It seems we seem to be down to three discussing the book with only Elspeth with the book in front of her.
Yes, it's interesting because there seemed to be a lot of enthusiasm about this book when we were discussing possible choices. I hope this is just a case of people being busy with exams and vacations and so on, and not some sort of sign that the book club isn't working.


Quote:
I find it amazing how a young girl with so much going for her ended up being pitied.
She had a reputation when she was young of being "wild" in those days they had no idea what wild was. She once danced the cancan and it became a huge scandal also her friendship with a young American girl (sorry can´t remember her name). This, of course, was before the Townsend affair.
I've been reading the Christopher Warwick biography along with the Tim Heald one, and I must say that in some respects I prefer it although they both have their strengths. It seems from both books as though Margaret was petted and indulged as a child, possibly especially so after her father became King as a way to compensate her for the increased importance of her sister, and so she was unprepared for some harsh realities when she got older. The fact that the Queen Mother was too wrapped up in her own grief at her husband's death and her own changed circumstances, as well as being the sort of person who preferred to ignore problems rather than confronting them (the well-known "ostriching" phenomenon), didn't help Margaret with the Townsend affair. Nor did the fact that her sister was having to come to grips with all her new responsibilities as well as a young family, and probably didn't have the spare time or energy to really devote to Margaret.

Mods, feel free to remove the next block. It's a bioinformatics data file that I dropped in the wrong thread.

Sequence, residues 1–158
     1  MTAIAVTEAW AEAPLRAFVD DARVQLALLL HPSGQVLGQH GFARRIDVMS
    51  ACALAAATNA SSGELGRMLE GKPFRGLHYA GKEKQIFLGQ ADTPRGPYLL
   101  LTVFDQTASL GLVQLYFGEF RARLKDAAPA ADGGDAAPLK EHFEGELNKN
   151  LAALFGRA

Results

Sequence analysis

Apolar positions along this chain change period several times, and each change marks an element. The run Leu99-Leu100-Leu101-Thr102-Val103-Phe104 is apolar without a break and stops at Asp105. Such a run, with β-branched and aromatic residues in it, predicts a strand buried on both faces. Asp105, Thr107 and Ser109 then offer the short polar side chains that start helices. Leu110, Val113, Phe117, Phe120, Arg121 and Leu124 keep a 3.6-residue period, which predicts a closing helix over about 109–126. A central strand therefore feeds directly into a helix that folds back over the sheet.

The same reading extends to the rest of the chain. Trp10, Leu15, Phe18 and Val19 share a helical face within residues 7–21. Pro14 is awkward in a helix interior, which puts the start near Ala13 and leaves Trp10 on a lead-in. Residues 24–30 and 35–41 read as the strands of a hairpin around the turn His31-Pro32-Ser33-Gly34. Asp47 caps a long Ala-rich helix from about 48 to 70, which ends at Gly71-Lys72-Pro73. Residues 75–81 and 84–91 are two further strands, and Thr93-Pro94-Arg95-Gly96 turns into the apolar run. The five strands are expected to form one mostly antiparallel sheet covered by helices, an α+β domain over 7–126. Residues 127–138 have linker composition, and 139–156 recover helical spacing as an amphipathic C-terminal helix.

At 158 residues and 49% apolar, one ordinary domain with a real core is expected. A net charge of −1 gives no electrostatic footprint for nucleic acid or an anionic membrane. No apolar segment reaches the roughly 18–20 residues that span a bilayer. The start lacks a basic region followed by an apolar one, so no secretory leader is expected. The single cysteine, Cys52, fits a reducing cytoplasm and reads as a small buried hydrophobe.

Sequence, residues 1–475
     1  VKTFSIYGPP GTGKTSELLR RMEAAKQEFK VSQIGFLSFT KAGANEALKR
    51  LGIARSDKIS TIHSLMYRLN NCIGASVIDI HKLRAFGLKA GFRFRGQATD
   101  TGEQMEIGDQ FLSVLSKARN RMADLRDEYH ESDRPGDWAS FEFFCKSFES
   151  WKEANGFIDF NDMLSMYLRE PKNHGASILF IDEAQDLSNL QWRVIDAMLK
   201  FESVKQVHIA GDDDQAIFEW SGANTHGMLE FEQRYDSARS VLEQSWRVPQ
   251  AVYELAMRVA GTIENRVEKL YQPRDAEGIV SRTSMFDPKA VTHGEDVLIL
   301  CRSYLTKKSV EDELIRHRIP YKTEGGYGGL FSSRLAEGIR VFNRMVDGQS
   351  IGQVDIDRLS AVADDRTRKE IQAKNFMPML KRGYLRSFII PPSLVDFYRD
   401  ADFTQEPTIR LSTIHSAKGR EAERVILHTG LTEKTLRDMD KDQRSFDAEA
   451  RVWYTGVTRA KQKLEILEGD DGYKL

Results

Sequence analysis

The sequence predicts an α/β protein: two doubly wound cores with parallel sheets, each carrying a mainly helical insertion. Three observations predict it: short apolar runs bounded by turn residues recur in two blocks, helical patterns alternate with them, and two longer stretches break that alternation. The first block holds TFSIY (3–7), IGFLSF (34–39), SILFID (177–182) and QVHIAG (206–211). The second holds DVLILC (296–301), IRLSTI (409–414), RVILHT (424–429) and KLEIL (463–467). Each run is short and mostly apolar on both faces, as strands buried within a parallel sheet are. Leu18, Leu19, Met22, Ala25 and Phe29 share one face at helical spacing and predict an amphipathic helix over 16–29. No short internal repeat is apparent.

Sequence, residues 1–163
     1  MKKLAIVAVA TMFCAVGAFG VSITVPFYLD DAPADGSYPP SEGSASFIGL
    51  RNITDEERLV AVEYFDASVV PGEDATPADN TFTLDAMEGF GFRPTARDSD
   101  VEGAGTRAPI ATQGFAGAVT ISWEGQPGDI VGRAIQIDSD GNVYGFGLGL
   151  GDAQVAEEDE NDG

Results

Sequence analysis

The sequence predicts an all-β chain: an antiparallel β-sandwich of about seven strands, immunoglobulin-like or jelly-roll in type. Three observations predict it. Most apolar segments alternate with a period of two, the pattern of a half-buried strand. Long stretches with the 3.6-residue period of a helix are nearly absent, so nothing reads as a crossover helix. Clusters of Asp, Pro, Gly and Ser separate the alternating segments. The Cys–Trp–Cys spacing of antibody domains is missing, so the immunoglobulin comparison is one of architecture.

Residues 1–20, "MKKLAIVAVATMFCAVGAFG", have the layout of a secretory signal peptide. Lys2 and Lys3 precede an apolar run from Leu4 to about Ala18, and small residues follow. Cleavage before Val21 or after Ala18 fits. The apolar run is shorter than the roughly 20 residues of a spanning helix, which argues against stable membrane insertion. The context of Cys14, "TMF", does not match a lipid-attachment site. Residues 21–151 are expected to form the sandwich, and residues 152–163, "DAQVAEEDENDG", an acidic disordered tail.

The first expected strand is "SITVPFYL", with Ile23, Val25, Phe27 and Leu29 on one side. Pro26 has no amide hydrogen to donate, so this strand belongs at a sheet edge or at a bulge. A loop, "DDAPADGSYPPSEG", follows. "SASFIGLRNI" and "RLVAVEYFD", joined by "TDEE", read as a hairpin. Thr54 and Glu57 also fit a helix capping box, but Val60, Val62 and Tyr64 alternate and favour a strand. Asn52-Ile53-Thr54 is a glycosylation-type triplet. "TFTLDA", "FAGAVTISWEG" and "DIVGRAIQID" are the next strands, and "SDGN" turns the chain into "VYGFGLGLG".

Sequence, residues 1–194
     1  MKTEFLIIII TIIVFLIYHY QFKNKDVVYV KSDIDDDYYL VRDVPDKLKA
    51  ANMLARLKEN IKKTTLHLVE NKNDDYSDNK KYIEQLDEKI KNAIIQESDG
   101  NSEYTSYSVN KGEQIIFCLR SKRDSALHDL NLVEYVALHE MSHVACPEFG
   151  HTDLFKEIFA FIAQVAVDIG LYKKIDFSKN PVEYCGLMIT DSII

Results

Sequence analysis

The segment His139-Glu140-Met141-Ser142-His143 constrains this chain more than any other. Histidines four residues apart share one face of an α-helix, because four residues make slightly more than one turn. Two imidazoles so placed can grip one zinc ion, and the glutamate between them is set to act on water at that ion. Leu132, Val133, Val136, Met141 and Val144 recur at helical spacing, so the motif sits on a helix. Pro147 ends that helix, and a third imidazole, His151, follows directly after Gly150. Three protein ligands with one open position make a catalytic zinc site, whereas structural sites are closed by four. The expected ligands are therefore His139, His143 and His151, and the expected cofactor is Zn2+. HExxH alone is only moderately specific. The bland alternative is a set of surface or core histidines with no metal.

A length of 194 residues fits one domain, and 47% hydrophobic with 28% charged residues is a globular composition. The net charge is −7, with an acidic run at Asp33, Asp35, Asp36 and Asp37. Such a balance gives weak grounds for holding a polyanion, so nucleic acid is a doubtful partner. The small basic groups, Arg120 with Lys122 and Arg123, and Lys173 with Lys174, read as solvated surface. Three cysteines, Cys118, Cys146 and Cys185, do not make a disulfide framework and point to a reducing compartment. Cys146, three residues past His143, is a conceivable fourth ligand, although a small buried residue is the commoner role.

I remember reading - not in the context of Margaret, if I remember right - that certain senior members of the Household took advantage of the Queen's youth and inexperience to exert more control and influence than perhaps they had been accustomed to doing before. I wonder if they'd have been allowed to get away with this awful treatment of Margaret over the Townsend business if George VI had still been alive.